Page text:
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If you’d like to explore that a bit, here are this week’s Beautiful Questions. I invite you to consider them slowly.

One: What changes will take place each time you allow yourself to return to the present and simply “Be where your hands are?”

Two: In what ways have you been preventing yourself from doing that?

Three: How much fuller or more pleasant will your experience be as you let go into it?

Four: What will be different in the ways you communicate with someone or spend time with them?

Five: What will change within yourself?

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I look forward to hearing from you as you sit with these considerations and relax into something new.

As I say each week,
My Light with your Light

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Thank you for joining me in these podcasts as we keep doing what we can to respond to life in increasingly effective ways. As always, I’m open to your comments and feedback.

You can be further inspired by visiting my friends at Kosmos Journal. That’s K O S M O S Journal. Their mission is to inform, inspire, and engage global transformation in harmony with all life. You can easily find them online at Kosmos Journal dot O R G.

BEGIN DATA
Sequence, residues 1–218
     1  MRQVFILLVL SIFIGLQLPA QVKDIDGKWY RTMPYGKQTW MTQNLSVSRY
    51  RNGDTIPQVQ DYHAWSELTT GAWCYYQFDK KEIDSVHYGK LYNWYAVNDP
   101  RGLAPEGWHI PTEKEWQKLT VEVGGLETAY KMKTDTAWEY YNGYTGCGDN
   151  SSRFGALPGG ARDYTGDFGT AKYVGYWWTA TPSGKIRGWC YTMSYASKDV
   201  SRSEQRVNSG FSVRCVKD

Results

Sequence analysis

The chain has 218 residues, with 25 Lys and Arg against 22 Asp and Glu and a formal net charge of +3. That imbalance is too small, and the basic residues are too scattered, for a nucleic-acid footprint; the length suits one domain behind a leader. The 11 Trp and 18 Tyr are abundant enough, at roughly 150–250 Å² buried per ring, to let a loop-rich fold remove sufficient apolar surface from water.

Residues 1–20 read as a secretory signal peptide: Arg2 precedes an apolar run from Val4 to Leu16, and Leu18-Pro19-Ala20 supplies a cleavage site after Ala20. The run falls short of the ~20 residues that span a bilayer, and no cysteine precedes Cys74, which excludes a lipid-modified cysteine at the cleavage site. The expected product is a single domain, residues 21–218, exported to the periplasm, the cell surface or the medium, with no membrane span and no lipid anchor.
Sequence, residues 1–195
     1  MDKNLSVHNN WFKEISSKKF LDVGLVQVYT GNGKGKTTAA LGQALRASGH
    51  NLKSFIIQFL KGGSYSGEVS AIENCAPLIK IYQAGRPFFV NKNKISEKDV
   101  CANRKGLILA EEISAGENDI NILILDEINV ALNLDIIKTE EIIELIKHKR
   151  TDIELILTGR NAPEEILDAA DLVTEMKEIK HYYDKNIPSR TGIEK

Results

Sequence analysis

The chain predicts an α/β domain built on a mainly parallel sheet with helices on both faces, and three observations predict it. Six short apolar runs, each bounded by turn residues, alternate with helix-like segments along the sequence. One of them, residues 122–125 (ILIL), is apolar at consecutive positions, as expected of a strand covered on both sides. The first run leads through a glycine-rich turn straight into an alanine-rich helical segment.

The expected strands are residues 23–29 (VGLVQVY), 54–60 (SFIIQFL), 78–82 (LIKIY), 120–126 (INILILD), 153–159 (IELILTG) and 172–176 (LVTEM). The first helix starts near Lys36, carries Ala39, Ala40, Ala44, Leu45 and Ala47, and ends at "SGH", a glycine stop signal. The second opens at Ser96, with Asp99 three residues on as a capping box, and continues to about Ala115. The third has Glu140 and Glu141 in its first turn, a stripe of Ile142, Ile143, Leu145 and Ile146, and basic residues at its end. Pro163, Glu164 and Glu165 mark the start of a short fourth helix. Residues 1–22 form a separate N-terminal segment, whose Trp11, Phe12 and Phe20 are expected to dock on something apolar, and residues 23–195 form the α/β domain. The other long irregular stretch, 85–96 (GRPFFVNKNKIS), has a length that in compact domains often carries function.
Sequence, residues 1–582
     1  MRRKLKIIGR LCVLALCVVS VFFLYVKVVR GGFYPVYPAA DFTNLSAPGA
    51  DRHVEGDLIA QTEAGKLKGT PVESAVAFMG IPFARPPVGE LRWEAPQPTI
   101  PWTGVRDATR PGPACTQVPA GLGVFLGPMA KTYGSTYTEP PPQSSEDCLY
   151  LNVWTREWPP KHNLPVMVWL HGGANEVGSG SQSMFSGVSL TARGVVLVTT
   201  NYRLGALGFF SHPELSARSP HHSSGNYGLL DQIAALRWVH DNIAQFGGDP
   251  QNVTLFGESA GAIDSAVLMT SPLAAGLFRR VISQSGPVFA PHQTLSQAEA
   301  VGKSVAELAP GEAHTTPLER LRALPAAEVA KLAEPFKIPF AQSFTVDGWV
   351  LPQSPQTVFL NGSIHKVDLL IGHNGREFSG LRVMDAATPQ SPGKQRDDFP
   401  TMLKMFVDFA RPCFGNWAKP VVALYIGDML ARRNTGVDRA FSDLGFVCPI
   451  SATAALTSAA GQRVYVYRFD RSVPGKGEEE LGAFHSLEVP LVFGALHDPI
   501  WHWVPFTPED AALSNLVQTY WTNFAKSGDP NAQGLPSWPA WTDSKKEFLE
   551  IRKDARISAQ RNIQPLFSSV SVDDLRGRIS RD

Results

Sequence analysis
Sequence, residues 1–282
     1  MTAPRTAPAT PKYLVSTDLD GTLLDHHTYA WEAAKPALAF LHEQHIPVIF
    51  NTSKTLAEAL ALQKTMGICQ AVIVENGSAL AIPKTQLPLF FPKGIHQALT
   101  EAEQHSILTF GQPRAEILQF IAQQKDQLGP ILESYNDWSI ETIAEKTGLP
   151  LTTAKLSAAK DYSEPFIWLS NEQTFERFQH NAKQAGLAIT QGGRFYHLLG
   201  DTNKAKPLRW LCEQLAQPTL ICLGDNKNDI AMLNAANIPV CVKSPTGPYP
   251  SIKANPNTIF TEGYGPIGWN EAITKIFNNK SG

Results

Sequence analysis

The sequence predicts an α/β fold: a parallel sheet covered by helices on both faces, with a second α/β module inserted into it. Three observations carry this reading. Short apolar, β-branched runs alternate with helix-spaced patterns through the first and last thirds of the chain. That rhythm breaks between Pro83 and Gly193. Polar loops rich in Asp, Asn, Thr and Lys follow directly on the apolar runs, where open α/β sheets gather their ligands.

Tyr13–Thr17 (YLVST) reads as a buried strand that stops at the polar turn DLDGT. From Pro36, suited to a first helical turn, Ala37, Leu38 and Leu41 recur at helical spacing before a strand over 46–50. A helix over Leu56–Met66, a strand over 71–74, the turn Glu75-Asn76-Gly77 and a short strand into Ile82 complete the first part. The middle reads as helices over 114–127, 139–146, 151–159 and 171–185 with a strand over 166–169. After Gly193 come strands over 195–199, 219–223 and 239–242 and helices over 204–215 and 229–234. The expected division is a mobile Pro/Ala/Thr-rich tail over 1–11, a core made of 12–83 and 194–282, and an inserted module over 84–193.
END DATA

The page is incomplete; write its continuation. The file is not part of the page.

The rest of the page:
And at, you can read the illustrated transcript of each podcast as you listen. You’ll also find an archive of all previous podcasts, including episodes three and four, guided relaxation audios that can help you practice letting go on a daily basis.

If you find these podcasts useful, don’t hesitate to share them or tell others about them. That’s a great way of helping me get a voice of calm and collaboration and balance and encouragement out into the world.

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I’m Scott Lennox, and this has been The Beautiful Question.

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The Beautiful Question is a One Light production, written, produced, and engineered by Scott Lennox at HeartRock Studios in Fort Worth, Texas, as a way of paying forward to life, being fully present, becoming better engaged with things that truly matter in a complex world, and committing to a healthier future for all of us.